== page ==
Re: The spec evolves...

Dan Connolly <>
Message-id: <>
Subject: Re: The spec evolves... 
In-reply-to: Your message of "Mon, 07 Dec 92 01:07:52 +0100."
Date: Sun, 06 Dec 92 21:55:04 CST
From: Dan Connolly <>

>I just subscribed to www-talk, and haven't been able to read all the
>previous exchanges, so please forgive me if this is inappropriate...

On the contrary... this is great stuff!!!

>>3. I got rid of the TYPE attribute on anchor tags.
>>What's that thing for anyway. Does anybody use it?
>Yes, I have the following (experimental) use for it.
>I have written a program that translates texinfo (the GNU Emacs
>documentation format, which can be typeset using a special set of TeX
>macros as well as converted to a form of hypertext called Emacs INFO
>files) to HTML.

Yea! TeXinfo is a Good Thing, and I think it's highly appropriate
that W3 support it as an authoring environment. The beauty of TeXinfo
is that it's _not_ a programming language like TeX or troff. That
makes it possible to develop correct translators. (Otherwise you
run into the halting problem... it's everywhere!)

I studied the TeXinfo documentation for a couple hours before I
released the last version of the HTML spec. The major feature
of TeXinfo lacking in HTML is character-level formatting (font

There were a few TeXinfo commands (@ctrl for one) that don't
fit the HTML mold. So I looked at the LaTeX options: em, tt, bd, sl, sf
and the DocBook options, and nroff, and decided I didn't have
time to choose the right set.

[I'm also keeping MS Word (RTF) and FrameMaker (MIF) in mind.]

>... My
>translator adds types to structured links that indicate whether it is
>a link to a child, a left or right sibling, a parent, or the root of
>the tree.  This type is then used by a special WWW browser that I
>wrote to support tree browsing operations (which are actually
>compatible with the operations of the Emacs INFO browser).  I think
>this is useful, and better than second-guessing the tree structure
>from where the links lead to.

Very true. I think the A tag is _highly_ overloaded. One click on
an anchor might take you anywhere from the next sentence to
somewhere in New Zealand. I suggested the XREF and SEE elements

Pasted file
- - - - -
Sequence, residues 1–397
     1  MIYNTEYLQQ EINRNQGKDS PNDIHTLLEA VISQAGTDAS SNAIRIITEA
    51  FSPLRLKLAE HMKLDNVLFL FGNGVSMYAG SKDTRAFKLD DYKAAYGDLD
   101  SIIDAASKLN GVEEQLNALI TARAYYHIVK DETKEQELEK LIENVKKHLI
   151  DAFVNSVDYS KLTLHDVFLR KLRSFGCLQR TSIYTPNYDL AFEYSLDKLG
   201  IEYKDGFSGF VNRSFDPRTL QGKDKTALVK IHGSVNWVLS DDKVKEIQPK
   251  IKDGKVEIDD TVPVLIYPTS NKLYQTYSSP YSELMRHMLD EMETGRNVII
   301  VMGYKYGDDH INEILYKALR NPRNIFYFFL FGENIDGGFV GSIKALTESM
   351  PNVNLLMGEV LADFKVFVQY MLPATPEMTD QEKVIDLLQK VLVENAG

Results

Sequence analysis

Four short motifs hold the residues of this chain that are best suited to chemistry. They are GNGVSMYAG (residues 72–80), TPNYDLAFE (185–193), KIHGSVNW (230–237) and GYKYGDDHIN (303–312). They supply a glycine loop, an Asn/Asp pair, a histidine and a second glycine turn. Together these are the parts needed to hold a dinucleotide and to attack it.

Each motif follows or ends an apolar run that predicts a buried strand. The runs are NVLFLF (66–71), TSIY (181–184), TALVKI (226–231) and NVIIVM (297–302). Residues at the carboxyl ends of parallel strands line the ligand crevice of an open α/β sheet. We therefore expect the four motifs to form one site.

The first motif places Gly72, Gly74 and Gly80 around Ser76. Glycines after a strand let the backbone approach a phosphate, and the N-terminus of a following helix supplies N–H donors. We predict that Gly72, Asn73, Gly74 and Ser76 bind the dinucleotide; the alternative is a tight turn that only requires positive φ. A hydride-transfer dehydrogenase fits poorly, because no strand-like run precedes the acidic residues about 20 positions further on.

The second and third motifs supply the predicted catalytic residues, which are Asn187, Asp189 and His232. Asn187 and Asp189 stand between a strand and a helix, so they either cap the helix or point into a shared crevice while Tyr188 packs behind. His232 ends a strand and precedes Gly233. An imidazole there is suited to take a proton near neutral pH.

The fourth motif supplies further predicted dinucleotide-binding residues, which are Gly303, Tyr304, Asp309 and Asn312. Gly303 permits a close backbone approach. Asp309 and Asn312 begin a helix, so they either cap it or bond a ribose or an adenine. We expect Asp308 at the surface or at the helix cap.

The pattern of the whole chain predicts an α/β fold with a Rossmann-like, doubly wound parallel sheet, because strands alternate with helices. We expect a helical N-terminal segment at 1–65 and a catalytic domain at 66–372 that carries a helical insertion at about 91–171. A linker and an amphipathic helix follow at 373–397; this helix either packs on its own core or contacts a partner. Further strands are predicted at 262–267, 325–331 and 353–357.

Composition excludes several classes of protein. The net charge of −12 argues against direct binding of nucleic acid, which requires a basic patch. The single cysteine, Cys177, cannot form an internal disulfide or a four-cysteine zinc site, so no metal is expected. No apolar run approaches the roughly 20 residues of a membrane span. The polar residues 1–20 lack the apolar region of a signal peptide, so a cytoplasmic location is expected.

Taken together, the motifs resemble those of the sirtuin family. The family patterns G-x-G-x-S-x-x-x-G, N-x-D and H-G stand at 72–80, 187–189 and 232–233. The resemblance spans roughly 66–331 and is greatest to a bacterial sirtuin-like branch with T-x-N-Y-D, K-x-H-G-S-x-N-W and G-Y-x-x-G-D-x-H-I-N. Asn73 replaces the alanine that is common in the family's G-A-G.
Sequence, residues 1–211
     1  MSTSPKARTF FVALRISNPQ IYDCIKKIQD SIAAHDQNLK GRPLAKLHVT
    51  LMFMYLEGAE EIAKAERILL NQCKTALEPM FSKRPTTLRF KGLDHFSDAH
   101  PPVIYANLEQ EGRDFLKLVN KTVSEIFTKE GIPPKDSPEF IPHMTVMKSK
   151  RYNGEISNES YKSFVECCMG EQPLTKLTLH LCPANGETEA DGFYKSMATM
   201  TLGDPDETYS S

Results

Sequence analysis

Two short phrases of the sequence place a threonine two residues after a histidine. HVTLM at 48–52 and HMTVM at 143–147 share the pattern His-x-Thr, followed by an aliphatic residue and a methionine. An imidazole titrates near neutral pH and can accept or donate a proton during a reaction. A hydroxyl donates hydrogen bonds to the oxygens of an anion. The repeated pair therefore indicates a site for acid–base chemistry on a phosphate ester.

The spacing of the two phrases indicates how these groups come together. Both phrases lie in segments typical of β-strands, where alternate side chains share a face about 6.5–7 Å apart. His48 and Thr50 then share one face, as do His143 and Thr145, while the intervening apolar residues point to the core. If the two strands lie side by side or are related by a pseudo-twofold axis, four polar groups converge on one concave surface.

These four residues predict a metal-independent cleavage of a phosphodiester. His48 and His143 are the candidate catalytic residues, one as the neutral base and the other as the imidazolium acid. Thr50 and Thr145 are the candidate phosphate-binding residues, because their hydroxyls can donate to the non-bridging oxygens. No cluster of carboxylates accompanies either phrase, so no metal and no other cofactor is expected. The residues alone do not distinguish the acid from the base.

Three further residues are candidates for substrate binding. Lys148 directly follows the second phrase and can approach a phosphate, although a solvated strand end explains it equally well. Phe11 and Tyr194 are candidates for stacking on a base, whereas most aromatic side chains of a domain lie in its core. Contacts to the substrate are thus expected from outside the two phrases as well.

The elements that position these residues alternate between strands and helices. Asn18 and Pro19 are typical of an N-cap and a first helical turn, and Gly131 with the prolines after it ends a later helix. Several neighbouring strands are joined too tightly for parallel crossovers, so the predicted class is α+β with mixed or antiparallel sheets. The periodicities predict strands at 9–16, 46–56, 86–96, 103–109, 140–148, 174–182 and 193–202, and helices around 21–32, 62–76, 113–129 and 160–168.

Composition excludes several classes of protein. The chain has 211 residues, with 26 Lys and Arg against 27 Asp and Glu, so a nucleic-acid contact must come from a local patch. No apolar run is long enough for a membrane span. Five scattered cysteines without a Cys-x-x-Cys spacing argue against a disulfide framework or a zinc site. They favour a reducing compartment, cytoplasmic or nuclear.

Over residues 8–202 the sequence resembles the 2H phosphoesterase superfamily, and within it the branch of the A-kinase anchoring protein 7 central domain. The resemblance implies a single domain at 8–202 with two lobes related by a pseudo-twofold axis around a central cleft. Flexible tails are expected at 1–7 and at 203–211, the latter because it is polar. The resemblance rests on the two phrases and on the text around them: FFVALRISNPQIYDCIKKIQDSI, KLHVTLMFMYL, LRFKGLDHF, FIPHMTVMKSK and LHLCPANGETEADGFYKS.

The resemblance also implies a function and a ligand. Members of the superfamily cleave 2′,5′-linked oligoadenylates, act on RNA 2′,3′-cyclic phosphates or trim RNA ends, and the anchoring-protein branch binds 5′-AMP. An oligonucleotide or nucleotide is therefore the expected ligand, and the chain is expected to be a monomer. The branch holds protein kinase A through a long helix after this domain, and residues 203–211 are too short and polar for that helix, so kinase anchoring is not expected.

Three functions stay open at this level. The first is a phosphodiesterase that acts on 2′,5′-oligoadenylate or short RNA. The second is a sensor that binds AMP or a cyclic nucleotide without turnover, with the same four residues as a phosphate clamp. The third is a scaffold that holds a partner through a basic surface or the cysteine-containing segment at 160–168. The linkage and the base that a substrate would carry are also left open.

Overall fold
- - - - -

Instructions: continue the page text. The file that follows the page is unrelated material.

to distinguish between intradocument and interdocument references.

I agree that a "relationship" attribute to the XREF element would
be useful.

But I'm not sure it should go in the HTML spec. I think the spec
currently does a pretty good job of describing the current usage
of HTML. Your use of TYPE is local to your site. It could just
go in the category of "tolerated error."

Meanwhile, I think it's time to redesign HTML. I've been reading
up on HyTime, and I think it's a Good Thing after all. I think
we should make the Universal Resource Locator a HyTime architectural
form. In general, we should use HyTime as a way to guide the
architecture of W3, so that it may grow to interoperate with
for example, the Draft Advisory Standard on Hypertext (DASH)
from the Davenport group.

>BTW, the results of my conversions (applied to several standard Emacs
>manuals as well as to documentation for Python, the language I'm using
>to write all my software in)

Python -- I read a bunch of stuff about that a while ago. I wonder
if the Midas language used by the Midaswww browser could be subsumed
by Python. Aside from the pascalish syntax, I think Python is just
what we need: an object oriented language for distributed applications.
I've been hoping GNU smalltalk would mature, but maybe I should
look at Python again. Tony: have you heard of it?

Hmm... as I study the documentation, I see it's got all sorts
of good stuff: exceptions, packages, regexp processing...
Maybe I should abandon XLisp (that's what I've been writing
translators in) for Python.

>I have added all sorts of other tags and attributes that don't exist
>officially but which my own browser supports (e.g. font changes).
>Later I'll try to catch up with the current proposals for HTML and
>use that instead.  I might also suggest other changes from which my
>texinfo conversion might benefit.

I highly suggest you grab the sgmls parser and diddle with the DTD
until you find something that matches the output of your conversion.
You'll have to struggle a little while you learn about SGML, but
that's the whole point. I think you'll catch on fast.